Neanderthals were present throughout temperate, cooling and cool conditions, returning while local environment, offshore topography and regional geography underwent dramatic shifts. Despite these profound changes in regional setting and local affordances, people continued to visit La Cotte, bringing tools with them. The cooler occupations of Layer A and Layer 5 occupations precede full steppe-tundra conditions, when humans were absent. Correlating occupation with the exact nature of these changes is complicated, but extreme low sea level can be inferred for layers that reflect the coldest periods (Layers 3 and 6.1), with sea levels being low throughout the preceding period of cooling. Modelling precisely how marine regression affected the surrounding landscape is difficult, but a profoundly different regional geography prevailed during temperate conditions (Layer E) versus the cool–cold environments of Layers A and 5. Throughout the aggradation of these deposits, Jersey does not appear to have been an island as it is today; even during the warmest conditions of MIS 7, sea level remained at least 5–10m below modern levels (using the sea level curve of Waelbroeck et al. 2002). A drop of 7m would reconnect Jersey to the continent today. Climatic deterioration and falling sea level would have exposed a larger coastal plain extending towards the Channel River, with a drop in excess of −30m exposing the nearest bedrock flint source (20km to the north).

To understand behaviour at La Cotte and in the wider region, we focus on lithic assemblages from three clearly defined units: Layer E, the top of Layer A, and Layer 5. These units represent subdivisions of a continually accumulating system, within which the input and modification of stone tools and faunal remains allows the relationship between site and landscape to be examined. A broad impression of occupation intensity can be inferred by contrasting artefact density with sedimentary regime (see Table 1): highly anthropogenic, temperate Layer E is much denser than the overlying layers associated with cooler climate occupation and loess deposition.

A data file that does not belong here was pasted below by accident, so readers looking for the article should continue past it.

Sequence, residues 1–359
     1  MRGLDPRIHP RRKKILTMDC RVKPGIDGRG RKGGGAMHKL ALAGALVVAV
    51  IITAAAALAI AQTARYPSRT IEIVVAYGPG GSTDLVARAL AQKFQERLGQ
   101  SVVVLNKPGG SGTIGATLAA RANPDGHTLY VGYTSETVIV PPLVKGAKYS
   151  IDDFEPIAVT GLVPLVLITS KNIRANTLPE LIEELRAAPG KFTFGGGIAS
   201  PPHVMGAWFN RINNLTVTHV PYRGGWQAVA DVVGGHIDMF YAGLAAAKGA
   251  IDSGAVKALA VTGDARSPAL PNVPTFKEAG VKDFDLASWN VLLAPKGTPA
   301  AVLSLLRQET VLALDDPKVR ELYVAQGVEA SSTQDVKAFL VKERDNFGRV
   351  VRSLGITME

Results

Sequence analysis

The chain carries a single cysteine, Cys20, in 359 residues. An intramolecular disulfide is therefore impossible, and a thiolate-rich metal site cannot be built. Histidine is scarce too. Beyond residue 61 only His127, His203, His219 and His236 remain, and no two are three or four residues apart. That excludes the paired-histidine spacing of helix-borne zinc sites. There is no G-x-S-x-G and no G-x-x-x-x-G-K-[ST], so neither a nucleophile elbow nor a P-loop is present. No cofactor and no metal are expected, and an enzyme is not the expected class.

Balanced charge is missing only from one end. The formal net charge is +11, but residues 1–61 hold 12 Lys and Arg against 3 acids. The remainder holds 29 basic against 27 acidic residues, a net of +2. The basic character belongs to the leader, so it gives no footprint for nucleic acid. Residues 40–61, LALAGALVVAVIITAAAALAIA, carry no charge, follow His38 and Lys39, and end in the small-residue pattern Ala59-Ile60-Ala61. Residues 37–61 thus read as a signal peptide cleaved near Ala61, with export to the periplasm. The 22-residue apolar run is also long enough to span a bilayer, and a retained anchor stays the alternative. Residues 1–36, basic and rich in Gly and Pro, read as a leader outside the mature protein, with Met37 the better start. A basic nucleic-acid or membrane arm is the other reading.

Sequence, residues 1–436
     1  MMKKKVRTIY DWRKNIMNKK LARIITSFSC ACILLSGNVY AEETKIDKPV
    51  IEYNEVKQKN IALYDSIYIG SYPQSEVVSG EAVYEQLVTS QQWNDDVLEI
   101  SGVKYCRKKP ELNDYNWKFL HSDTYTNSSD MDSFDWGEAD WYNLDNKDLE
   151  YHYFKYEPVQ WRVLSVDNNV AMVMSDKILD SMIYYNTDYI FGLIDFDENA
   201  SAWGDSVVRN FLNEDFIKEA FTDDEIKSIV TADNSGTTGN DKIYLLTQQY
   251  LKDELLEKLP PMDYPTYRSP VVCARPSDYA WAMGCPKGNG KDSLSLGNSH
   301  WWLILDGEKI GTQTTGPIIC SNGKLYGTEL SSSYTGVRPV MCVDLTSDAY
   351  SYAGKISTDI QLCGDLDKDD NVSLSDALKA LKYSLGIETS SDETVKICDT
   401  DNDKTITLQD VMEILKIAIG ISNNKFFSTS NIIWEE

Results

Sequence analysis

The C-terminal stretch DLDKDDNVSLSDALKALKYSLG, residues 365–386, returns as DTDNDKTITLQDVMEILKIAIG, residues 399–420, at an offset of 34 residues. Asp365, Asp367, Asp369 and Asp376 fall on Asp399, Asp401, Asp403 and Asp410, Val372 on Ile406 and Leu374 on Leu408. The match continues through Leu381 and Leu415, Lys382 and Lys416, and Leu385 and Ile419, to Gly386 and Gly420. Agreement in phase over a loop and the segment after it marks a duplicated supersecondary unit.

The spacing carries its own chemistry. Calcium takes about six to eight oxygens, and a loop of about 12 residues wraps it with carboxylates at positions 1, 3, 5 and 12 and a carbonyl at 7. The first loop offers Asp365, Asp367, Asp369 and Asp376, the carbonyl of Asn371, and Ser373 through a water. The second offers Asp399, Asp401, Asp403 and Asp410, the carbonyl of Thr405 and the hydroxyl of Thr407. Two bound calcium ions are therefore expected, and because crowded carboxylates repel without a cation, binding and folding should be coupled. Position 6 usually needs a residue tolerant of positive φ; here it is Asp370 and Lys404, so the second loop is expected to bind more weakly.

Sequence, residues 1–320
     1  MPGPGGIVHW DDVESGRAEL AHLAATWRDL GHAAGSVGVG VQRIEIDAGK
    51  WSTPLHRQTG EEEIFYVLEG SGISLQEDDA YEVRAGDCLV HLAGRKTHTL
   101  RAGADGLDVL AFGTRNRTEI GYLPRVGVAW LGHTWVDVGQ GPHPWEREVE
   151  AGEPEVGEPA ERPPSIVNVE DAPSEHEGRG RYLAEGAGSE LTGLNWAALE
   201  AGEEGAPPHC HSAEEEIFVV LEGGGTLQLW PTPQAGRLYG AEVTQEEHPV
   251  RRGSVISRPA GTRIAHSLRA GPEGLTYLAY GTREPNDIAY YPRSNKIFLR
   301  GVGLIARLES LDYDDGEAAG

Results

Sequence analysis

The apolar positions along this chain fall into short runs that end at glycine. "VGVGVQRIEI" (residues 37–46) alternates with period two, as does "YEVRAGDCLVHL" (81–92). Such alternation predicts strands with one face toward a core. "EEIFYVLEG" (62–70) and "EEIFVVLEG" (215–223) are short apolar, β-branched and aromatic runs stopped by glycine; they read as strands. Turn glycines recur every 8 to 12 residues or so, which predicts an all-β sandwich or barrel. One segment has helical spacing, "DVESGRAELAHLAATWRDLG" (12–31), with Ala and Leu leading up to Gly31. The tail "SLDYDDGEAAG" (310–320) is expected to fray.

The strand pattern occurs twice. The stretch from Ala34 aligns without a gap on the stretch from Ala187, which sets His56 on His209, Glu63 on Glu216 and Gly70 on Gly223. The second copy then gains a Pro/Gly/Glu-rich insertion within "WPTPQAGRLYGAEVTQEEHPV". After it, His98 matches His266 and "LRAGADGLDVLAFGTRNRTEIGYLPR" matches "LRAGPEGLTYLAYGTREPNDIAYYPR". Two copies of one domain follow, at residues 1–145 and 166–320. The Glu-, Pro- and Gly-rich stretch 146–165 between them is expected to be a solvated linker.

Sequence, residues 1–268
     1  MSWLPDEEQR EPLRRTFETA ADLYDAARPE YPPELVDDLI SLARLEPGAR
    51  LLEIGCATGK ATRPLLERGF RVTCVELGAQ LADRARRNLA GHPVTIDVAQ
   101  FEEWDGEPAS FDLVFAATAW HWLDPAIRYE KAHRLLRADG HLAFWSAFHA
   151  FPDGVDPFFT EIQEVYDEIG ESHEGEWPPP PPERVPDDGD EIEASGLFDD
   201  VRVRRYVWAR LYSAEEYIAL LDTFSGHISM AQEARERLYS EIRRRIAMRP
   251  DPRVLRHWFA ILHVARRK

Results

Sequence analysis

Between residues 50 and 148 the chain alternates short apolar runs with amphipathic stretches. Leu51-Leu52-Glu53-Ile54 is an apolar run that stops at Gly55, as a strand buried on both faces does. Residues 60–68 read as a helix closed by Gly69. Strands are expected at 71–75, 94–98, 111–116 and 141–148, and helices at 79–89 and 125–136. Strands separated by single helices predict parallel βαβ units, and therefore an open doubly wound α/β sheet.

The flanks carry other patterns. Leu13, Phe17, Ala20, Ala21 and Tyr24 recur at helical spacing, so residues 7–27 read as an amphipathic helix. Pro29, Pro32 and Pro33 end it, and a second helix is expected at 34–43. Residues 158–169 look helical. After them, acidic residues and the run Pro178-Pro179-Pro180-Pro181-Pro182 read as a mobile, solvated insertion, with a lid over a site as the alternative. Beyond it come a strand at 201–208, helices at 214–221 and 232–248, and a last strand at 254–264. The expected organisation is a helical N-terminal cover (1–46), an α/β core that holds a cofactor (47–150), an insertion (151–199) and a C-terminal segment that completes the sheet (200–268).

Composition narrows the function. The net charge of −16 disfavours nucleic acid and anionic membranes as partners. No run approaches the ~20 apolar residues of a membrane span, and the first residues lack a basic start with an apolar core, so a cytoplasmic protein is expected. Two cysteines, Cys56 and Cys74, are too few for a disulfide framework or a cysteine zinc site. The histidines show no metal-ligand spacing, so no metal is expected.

Table 1. La Cotte de St Brelade lithic artefact samples selected for analysis.

Layer E

Layer E reflects a broadly temperate interval, evidenced by clay illuviation (forest soil formation) (van Vliet-Lanoë 1986). At this point, Jersey was not an island, and La Cotte overlooked a substantial coastal landscape (now submerged). The deposits were rich in fragmented bone (461 NSP (Number of Specimens Primary)), around a third of which (29.7%) was burnt. Burnt artefacts are also present (2.6% of assemblage), reflecting fire setting during this occupation. Some 6339 lithic artefacts were recorded from around 3m3 (2113 artefacts/m3) of excavated material, suggesting intense or repeated occupation. These artefacts are fresh (refitting material is present) with limited edge damage. Beach flint dominates (81.5% of sourceable flint); other raw materials are relatively rare (only 15.3% of the total assemblage). Some flint artefacts retain thicker, chalky (although chatter-marked) cortex, suggesting that some beaches may have been near bedrock, the closest of which is 20km north of the site (see Figure 5). The presence of a few flint flakes (2.8%) with unrolled fresh, chalky cortex might suggest that outcrops were also directly exploited. This combination of beach flint from a nearby source of bedrock during a period of temperate climate is intriguing, possibly suggesting a regional lag, or decoupling, of climate change and sea level.